Why? Because climate change is likely to cause, among many other things, a lot more allergy-causing pollen to be floating around in the air in the future.
One recent study concludes the air in the US could see pollen counts twice as high by 2040.
“Climate changes will increase pollen production considerably in the near future in different parts of the country,” said Leonard Bielory, an allergist presenting his findings to this year’s annual meeting of the American College of Allergy, Asthma and Immunology.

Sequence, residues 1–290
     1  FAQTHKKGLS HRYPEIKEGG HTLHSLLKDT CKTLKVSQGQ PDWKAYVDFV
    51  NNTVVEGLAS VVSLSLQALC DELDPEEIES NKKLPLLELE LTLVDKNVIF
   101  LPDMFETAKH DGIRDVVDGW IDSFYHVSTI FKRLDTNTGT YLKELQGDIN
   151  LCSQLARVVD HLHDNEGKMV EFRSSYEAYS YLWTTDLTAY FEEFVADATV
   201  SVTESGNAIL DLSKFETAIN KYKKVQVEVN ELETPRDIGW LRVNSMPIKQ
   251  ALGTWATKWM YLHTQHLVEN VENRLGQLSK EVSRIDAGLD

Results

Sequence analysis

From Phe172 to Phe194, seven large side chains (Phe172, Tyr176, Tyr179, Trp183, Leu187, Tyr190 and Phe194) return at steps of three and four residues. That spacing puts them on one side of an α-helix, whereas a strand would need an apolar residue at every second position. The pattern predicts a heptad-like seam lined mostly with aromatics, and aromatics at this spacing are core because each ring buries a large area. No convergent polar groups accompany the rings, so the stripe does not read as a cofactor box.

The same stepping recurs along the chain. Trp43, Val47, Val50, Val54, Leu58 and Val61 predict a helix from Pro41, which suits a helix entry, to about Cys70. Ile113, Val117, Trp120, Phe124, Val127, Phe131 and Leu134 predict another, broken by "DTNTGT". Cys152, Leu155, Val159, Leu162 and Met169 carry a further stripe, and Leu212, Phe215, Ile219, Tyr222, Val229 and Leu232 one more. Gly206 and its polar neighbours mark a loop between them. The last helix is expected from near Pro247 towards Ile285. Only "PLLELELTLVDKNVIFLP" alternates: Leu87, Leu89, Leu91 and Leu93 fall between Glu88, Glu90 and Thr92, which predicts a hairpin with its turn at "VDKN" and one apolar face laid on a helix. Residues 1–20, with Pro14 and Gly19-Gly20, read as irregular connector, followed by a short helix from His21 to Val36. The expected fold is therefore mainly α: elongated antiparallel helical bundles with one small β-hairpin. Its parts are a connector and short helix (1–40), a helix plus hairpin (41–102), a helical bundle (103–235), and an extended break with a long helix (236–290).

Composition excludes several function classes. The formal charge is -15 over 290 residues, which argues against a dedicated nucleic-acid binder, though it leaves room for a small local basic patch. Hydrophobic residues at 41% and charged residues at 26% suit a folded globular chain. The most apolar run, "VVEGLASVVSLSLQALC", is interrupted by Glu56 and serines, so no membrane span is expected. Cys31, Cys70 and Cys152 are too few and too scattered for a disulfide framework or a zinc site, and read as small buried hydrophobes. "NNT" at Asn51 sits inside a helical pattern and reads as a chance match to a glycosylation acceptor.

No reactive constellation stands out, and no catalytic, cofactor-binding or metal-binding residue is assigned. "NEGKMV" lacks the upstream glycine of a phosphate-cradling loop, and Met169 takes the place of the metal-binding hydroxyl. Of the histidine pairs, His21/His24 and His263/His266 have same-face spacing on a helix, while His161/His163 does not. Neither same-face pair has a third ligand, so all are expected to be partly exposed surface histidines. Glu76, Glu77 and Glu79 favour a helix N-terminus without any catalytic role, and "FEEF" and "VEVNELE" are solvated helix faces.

In 2000, pollen counts in the US averaged 8,455. By 2040, those counts are projected to reach 21,735.
Earlier springs are also likely to make allergy season arrive sooner than it does today, Bielory said.
“In 2000, annual pollen production began on April 14, and peaked on May 1,” he said. “Pollen levels are predicted to peak earlier on April 8, 2040.”